Waste of water by RO purifiers for the commercial benefit of companies should be verified: NGT
The enormous waste of water in using reverse osmosis purifiers solely to promote the commercial interest of companies at the expense of the public interest needs to be verified, the National Green Tribunal said.
He ordered the Ministry of Environment and Forestry (MoEF) to issue a notice without delay banning reverse osmosis purifiers when the level of total dissolved solids (TDS) in the water is below 500 milligrams per liter.
The green sign said it was not expected that the MoEF would take years to finalize the case and seek repeated adjournments and extensions, which is contrary to the rule of law.
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“It can be noted that Total Dissolved Solids (TDS), requiring RO (treatment), are found in groundwater. Considering the enormous waste of water as wastes in the use of RO, such use does not only to promote commercial interests at the cost of the loss of precious water which must be verified. This goal is overcome by undue delay of the MoEF.
“This amounts to acting against the best interests of the environment. Instead of allowing ORs, conductivity and TDS in water can be regulated and monitored by coordinating relevant regulators – MoJS with agencies providing water. ‘water like PHED / Water supply and sanitation / Municipal body / Jal Nigam etc. saving a huge amount of water which is unduly wasted in the process of using ORs against the public interest, ”said NGT.
A bench led by NGT chairman Judge Adarsh Kumar Goel ordered the MoEF to ensure that actions continue before the next date, regardless of actions taken by any other department that may delay the case.
He warned that in the event of failure, NGT would have no choice but to personally take coercive measures against the officers concerned.
“The secretary of the MoEF is responsible for identifying the relevant negotiating agents and informing them of this order. Their names must be provided to this tribunal by the next date so that they can be held accountable for upholding the public interest and the rule of law. Said the bench.
In July last year, the NGT ordered the MoEF to issue a notice by the end of the year banning reverse osmosis purifiers when the level of TDS in the water is below 500 milligrams per liter. .
The court had given the MoEF more time after advising the court that the exercise could not be completed due to the Covid-19 pandemic. In January 2020, the ministry requested four months to execute the NGT order.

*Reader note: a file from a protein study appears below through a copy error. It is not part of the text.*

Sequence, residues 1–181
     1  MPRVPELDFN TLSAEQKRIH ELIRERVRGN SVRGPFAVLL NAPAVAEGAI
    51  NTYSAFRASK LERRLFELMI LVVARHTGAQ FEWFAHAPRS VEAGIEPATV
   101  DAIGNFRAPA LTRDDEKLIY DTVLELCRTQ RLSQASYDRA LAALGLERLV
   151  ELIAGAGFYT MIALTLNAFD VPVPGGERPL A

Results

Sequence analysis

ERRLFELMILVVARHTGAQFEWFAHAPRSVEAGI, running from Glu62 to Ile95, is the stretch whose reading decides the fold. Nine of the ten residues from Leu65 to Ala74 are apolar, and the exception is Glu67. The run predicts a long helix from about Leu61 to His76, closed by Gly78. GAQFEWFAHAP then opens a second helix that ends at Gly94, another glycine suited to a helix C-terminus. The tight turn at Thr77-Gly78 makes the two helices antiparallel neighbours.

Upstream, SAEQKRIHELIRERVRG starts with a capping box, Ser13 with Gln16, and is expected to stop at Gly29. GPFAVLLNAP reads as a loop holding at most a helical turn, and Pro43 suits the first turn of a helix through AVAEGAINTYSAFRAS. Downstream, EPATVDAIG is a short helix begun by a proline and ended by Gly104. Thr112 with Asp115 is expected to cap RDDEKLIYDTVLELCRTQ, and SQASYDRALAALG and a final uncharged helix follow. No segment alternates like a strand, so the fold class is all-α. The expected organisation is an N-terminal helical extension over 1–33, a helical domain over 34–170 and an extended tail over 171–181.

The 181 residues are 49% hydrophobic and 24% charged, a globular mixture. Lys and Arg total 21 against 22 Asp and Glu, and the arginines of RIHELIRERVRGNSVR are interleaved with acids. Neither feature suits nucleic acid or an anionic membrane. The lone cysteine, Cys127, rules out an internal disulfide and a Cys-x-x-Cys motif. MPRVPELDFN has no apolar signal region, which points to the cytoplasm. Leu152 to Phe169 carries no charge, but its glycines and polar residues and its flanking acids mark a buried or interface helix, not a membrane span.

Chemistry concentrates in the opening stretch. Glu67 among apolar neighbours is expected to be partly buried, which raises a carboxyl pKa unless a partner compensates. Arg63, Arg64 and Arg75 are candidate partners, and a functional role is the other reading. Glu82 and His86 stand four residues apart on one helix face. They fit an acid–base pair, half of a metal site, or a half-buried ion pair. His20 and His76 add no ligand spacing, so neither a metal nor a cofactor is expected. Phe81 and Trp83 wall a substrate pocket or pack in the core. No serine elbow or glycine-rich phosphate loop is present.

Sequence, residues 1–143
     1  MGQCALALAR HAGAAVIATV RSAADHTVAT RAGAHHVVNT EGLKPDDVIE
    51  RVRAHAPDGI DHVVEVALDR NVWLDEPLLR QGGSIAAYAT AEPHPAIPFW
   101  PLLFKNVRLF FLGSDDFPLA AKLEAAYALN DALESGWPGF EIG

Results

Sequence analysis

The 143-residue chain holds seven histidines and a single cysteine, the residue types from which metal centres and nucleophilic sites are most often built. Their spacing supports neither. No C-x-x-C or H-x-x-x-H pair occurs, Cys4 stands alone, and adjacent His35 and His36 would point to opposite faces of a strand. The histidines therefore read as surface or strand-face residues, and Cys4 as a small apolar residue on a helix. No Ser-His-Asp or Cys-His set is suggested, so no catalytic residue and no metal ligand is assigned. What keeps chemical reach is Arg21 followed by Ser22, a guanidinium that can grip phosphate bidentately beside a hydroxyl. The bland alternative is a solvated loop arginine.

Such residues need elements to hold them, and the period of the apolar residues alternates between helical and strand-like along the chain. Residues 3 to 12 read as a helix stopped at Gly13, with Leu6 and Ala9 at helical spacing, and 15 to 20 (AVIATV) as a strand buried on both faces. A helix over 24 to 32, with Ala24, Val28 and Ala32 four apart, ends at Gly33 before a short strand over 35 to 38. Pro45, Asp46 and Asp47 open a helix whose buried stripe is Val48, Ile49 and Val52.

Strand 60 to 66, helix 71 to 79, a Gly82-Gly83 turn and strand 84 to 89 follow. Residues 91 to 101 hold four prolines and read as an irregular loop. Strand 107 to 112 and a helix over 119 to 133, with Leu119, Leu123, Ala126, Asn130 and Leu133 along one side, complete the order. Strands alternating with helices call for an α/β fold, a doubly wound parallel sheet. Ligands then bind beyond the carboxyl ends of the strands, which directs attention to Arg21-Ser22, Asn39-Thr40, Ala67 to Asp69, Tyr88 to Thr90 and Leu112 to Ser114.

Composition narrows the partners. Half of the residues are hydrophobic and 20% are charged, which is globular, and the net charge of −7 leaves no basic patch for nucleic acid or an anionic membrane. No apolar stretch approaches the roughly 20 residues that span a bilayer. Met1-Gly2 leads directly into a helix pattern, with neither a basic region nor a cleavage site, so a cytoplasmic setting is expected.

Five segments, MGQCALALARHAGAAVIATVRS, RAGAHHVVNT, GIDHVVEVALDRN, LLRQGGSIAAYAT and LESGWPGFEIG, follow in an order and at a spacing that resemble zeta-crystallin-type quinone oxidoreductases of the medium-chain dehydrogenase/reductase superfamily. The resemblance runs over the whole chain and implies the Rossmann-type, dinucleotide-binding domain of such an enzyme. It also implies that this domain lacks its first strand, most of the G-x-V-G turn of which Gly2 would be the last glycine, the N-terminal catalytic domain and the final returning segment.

The MoEF, in its plea, had said that four months were needed for effective compliance with the ordinance – two for wide dissemination of the draft notification inviting comments and two for incorporation of comments, finalization of the notification and obtaining approval from the Ministry of Law and Justice. .
The case is scheduled for the next hearing on January 25.
The NGT had, at the last hearing date, castigated the ministry for the delay in issuing the notification and warned the officer concerned of the cessation of his salary.
The court had previously said its order was based on a report from a panel of experts, which also included a representative of the MEF, and is enforceable without permission from any other authority with criminal consequences.
In an effort to regulate the use of reverse osmosis purifiers, the NGT ordered the government to ban them where TDS is less than 500 mg per liter and to raise public awareness of the harms of demineralized water.
The court also called on the government to make compulsory the collection of more than 60% water wherever RO is allowed across the country.
TDS is made up of inorganic salts as well as small amounts of organic material. According to a WHO study, TDS levels below 300 mg per liter are considered excellent, while 900 mg per liter are considered low and above 1,200 mg are unacceptable.
Reverse osmosis (RO) is a water treatment process that removes contaminants from the water by using pressure to force molecules through a semi-permeable membrane.
The order came after hearing a report from an expert committee that if the TDS is less than 500 milligrams per liter, an RO system will not be useful but will result in the removal of important minerals and a excessive waste of water.
The court heard a plea filed by the NGO Friends seeking to conserve drinking water by preventing its wastage due to the unnecessary use of reverse osmosis systems.